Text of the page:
European sanctions on trade with diamonds from Zimbabwe may have been violated in Antwerp

The NGO Global Witness reported today (11 September) that three calls for tenders made in 2013 – 2014 by the Antwerp World Diamond Center (AWDC), the Antwerp Diamond Tender Facility (ATF) and the First Element BVBA, have reportedly put Zimbabwean diamonds on sale through the Chinese company Anjin.

The diamonds, according to Global Witness, came from the Marange mine, which was excluded in the past from the international market because its diamonds were considered “blood diamonds”.

In 2002, the European Union introduced sanctions against Zimbabwe for the first time in response to escalating violence, intimidation of those critical of the regime and the introduction of repressive legislation. In 2008 and 2009, Zimbabwe Defense Industries (ZDI) and Zimbabwe Mining Development Corporation (ZMDC) respectively were added to the EU sanctions list.

Most of these sanctions were abolished by EU in September 2013 after elections in Zimbabwe. The sanctions against ZMDC were withdrawn following an intense Belgian lobby in favor of the company, according to Global Witness. So far, however, sanctions remain against President Mugabe, his wife and ZDI.

A few months after the lifting of the sanctions, calls for tenders were organized in Antwerp. Each contained diamonds from a number of Marange companies, involving each time the Chinese company Anjin. According to Global Witness, the company is half owned by the Chinese investor AFECC, 10% by ZMDC and 40% by ZDI, via the companies Matt Bronze and Glass Finish.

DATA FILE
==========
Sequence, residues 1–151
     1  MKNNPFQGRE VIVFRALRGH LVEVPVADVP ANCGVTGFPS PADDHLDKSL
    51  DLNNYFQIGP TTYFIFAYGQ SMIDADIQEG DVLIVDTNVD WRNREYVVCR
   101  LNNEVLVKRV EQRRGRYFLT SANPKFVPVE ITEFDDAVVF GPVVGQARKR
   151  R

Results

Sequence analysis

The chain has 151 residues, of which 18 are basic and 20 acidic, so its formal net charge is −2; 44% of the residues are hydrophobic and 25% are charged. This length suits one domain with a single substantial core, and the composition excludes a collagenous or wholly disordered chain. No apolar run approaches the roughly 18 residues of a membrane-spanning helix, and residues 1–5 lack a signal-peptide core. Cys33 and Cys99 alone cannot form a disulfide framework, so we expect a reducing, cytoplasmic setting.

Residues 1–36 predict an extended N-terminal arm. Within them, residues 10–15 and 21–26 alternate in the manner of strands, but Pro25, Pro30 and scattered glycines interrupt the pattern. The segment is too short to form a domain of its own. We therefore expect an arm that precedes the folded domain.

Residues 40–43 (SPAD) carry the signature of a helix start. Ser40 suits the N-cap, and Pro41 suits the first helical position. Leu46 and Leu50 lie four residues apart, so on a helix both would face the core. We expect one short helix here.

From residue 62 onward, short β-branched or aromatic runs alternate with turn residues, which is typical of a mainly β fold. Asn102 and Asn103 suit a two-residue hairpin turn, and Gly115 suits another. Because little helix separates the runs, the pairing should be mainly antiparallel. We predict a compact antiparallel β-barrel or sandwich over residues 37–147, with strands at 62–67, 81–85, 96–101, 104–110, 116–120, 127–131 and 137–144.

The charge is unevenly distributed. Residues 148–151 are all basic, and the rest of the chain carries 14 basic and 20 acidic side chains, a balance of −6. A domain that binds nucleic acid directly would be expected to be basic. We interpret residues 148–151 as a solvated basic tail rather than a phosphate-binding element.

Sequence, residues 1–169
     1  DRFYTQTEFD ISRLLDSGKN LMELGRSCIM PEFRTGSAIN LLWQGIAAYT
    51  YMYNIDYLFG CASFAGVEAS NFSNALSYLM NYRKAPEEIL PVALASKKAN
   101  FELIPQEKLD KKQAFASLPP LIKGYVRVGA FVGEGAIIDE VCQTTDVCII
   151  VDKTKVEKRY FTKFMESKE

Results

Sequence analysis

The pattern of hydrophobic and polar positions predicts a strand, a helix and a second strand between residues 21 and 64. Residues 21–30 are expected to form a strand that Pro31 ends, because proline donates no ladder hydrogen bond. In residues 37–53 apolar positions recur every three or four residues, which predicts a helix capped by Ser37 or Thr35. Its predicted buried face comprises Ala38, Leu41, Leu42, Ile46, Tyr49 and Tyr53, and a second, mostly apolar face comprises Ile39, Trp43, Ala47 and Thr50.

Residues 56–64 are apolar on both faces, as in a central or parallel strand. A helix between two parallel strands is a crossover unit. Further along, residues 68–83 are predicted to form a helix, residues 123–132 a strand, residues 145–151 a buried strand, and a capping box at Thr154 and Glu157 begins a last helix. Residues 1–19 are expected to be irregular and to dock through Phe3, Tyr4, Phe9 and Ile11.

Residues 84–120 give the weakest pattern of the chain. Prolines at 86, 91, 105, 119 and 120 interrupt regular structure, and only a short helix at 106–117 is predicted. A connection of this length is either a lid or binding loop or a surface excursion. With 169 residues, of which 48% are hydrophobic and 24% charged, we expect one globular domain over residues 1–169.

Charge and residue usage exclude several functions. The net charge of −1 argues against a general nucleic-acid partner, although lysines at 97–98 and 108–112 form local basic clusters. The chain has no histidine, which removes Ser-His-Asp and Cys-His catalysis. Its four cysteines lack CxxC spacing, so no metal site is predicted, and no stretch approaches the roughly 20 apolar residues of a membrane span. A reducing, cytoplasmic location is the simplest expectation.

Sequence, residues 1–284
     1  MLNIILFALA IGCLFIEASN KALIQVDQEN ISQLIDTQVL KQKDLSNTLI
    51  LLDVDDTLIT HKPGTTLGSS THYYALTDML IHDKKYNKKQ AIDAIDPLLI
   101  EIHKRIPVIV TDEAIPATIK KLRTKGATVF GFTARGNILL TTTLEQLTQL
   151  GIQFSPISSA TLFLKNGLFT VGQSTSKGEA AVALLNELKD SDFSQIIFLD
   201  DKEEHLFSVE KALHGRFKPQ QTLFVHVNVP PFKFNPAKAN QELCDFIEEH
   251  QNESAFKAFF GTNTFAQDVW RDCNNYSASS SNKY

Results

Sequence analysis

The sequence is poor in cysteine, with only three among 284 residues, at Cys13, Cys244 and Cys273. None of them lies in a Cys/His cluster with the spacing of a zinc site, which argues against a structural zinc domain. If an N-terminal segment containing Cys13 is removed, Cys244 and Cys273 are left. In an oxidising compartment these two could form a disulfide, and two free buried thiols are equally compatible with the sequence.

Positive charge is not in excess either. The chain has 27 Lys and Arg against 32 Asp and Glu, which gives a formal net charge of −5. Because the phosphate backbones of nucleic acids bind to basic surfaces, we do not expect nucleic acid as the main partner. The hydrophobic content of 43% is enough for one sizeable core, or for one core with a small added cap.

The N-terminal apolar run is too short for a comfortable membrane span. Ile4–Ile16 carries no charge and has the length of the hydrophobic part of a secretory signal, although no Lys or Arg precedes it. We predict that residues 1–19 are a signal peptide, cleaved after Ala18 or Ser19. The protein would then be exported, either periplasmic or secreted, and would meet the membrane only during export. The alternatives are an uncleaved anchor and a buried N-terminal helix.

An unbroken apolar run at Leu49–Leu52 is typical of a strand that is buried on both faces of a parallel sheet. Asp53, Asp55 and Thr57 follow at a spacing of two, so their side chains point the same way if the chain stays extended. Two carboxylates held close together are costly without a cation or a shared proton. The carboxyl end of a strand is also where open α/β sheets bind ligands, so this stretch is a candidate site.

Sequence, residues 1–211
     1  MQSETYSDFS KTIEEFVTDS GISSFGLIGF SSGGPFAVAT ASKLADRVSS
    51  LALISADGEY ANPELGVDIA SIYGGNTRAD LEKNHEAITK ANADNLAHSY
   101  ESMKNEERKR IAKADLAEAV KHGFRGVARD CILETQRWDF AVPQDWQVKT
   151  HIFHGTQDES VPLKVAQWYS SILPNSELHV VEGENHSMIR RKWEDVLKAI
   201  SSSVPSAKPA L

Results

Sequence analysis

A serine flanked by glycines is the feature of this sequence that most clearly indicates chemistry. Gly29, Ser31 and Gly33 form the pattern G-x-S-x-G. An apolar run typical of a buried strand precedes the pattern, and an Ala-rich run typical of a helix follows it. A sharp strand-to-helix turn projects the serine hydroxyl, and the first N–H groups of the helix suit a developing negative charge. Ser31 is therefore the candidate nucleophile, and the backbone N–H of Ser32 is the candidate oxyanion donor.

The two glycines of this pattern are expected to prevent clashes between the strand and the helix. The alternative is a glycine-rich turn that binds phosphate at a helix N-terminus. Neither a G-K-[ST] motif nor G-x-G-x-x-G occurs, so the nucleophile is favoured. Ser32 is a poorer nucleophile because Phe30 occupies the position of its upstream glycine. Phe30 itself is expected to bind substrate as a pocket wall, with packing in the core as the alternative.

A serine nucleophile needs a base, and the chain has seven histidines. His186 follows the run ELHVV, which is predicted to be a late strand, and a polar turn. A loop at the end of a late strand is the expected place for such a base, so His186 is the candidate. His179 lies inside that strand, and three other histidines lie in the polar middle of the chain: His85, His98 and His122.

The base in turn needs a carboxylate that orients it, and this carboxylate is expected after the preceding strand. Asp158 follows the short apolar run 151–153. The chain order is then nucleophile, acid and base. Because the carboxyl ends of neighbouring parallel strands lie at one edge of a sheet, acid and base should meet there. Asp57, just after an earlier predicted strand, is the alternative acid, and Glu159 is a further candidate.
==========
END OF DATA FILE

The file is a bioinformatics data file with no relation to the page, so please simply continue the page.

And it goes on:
Since ZDI, which is on the list of EU sanctions, has such a large share of Anjin, Global Witness believes that European sanctions have been infringed by the sale of these diamonds in Antwerp. Buyers would also be at fault.

AWDC points out in response to Global Witness that all EU sanctions have been followed strictly and that there is no tangible proof of connection between Anjin and ZDI. Anjin declined to respond to the allegations.

Global Witness fears that the revenues from the diamond trade will be used by the Zimbabwean army to maintain its violence against the civilian population.

The author: Margareta STROOT

Margareta Stroot, a multi-talented individual, calls Brussels her home. With a unique blend of careers, she balances her time as a part-time journalist and a part-time real estate agent. Margareta's deep-rooted knowledge of the city of Brussels, where she resides, has proven invaluable in both of her roles. Her journalism captures the essence of the city, while her real estate expertise helps others find their perfect homes in the vibrant Belgian capital.

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